John F. Kennedy’s limousine departs Love Field in Dallas, Texas on November 22, 1963

North Tower of the World Trade Center explodes on September 11, 2001

I published a post in The Jeffersonian on January 29 titled What Accounts for Journalists’ Service to Government? It suggests that citizens cannot trust news organizations when those organizations collaborate with government. We know the government is not trustworthy. Its record of dishonesty, secrecy, and illegal behavior is long and well documented. Government’s allies in the media paint themselves with the same brush.

A friend kindly responded, suggesting that in light of the behavior we see in large governmental and media organizations, we have to rely on the alternative press, like The Jeffersonian. That was a nice thing to say. It also reflects a hopeful evolution in the way we engage with our public sphere. Free speech and free thought, though difficult, still finds a place among the internet’s blogs and other outlets.

Which brings me to the title above, We’re It. So many critics and skeptics have argued in good faith for a new investigation into the 9/11 attacks. Victims’ families and others say the 9/11 Commission report does not explain why the North Tower, the South Tower, or World Trade Center 7 fell. Most importantly, the report does not explain why so many people in the Twin Towers died. The evidence we have on film, not to mention many other kinds of evidence, does not support the Commission’s conclusions about what happened that day.

If disagreements exist about what happened on 9/11, critics argue, we need a new investigation to account for all the evidence we have. Who would conduct a new investigation? Several spokesmen for the 9/11 truth movement argue that Congress, the press, or some combination of the two should launch a new inquiry. These two institutions may be somewhat more believable than the executive branch’s 9/11 Commission, but honestly, do you find them terribly trustworthy? When it’s all over, would we have any more confidence in their conclusions than we have in the Commission’s?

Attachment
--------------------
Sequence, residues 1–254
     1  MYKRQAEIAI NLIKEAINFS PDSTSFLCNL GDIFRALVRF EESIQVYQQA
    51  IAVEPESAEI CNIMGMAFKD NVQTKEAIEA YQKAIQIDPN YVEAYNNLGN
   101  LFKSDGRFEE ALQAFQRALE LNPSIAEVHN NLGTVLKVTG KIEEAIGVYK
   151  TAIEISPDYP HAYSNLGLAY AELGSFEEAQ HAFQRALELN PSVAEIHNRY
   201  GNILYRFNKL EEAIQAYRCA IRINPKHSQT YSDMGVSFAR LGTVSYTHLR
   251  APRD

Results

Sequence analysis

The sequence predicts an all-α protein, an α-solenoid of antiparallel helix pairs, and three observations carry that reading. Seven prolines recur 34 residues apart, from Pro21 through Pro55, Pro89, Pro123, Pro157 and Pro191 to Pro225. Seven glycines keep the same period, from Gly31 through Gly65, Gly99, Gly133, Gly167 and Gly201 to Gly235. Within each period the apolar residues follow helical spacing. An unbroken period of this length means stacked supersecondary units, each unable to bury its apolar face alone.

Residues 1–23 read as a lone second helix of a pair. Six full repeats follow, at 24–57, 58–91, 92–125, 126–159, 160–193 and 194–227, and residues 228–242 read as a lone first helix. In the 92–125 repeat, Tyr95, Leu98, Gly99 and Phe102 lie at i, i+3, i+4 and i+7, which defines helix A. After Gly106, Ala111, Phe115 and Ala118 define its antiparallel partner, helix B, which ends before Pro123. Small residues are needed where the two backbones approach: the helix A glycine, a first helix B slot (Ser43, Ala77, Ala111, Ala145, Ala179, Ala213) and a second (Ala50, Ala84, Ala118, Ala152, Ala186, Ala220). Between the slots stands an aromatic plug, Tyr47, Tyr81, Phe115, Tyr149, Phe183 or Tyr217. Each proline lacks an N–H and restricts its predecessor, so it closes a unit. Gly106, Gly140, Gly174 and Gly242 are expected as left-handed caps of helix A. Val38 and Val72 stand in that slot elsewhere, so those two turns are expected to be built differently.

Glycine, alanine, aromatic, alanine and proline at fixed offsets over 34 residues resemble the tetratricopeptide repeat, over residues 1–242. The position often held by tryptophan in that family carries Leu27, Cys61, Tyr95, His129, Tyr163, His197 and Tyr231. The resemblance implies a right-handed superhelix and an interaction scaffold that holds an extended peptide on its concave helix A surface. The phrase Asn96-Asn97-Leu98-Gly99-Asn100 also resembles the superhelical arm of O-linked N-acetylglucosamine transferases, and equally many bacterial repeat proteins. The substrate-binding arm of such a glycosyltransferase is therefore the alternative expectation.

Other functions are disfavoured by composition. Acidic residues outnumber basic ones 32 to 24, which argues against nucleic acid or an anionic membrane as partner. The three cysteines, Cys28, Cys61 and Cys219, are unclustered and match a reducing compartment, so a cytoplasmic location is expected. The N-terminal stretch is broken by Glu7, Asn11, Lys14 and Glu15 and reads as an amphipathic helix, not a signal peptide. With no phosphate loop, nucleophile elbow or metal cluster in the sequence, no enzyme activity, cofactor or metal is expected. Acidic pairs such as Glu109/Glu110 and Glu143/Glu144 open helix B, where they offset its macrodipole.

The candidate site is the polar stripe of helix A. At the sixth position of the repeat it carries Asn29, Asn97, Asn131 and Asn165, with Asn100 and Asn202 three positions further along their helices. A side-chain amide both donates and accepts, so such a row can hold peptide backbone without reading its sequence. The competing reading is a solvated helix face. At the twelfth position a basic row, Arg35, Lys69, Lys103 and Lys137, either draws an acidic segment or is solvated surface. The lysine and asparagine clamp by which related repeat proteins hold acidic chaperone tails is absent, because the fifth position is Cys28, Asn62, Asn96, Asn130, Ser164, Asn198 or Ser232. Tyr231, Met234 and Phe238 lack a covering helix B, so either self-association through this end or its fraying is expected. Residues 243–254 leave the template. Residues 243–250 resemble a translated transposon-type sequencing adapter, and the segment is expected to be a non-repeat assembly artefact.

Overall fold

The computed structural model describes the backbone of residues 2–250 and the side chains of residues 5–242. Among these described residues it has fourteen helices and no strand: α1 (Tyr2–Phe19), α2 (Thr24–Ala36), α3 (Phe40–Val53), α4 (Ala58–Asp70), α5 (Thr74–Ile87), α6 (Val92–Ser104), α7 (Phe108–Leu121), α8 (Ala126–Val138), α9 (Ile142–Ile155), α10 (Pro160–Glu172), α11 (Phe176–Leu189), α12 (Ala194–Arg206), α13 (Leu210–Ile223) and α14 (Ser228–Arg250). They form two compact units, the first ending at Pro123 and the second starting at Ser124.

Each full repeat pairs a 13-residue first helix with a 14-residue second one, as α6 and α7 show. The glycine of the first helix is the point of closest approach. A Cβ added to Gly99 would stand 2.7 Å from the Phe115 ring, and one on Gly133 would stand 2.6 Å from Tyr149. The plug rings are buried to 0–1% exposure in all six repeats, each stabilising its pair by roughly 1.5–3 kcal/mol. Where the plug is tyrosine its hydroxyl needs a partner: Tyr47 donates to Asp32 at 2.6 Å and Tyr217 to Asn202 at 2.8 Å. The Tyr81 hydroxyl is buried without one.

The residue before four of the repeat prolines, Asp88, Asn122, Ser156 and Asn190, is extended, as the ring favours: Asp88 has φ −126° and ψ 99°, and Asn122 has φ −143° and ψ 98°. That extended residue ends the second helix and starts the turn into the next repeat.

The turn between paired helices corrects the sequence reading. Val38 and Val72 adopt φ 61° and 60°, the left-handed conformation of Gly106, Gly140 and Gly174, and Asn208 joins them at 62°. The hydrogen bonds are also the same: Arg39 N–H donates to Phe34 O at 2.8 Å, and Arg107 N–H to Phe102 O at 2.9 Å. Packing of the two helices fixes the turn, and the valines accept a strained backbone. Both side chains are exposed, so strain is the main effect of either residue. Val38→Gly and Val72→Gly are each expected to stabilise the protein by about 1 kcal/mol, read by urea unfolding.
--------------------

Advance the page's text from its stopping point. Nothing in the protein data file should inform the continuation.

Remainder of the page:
Congress and the media are already too much under the influence of the executive branch, and the many institutions that support that branch. That influence would become highly concentrated if the legislative branch were to open a new investigation. The media, for their part, are too diverse to organize a new investigation among themselves. They are organized to report on investigations conducted by others.

Critics might reply that only a congressional inquiry would command the resources required for a thorough investigation. No private body would have enough money to hire the people required for the effort, nor would private investigators have access to the information they needed. Indeed Congress could throw ten, twenty million dollars at an investigation like this one. I’m doubtful whether current skeptics, were they to read the investigators’ report, would regard the money as well spent.

That means independent researchers have to do the job: patiently, collaboratively, and without full access to relevant information. A model for this kind of research already exists. Independent researchers stayed with the Kennedy case to produce a far better picture of what happened on November 22, 1963 than we had when the Warren Commission published its report. They pieced together enough information to demonstrate that government’s initial report about Kennedy’s death was incomplete and incorrect.

The same process of discovery will occur with 9/11 research. It is already well underway. Independent researchers cannot rely on institutions that supposedly have more credibility than they do. Yes, independent researchers are branded conspiracy theorists, which actually means conspiracy nuts. So what? Investigators must rely on the persuasive power of actual evidence, not invite more dishonesty from a government investigative body that outlines its conclusions before it goes to work.

Why would we expect a new government investigation to reach conclusions substantially different from the first one? We shouldn’t. Would conclusions from a congressional investigation differ substantively from the executive branch’s conclusions? They might. You could not count on it, though. To succeed, independent researchers must emulate the success of researchers who revealed the truth about Kennedy’s assassination. Private researchers act independently in that they do not depend on goverment for resources, nor can they depend on information government holds secret. They can only support each other, and move incrementally toward the truth. No independent researcher should feel alone in this project. We’re it.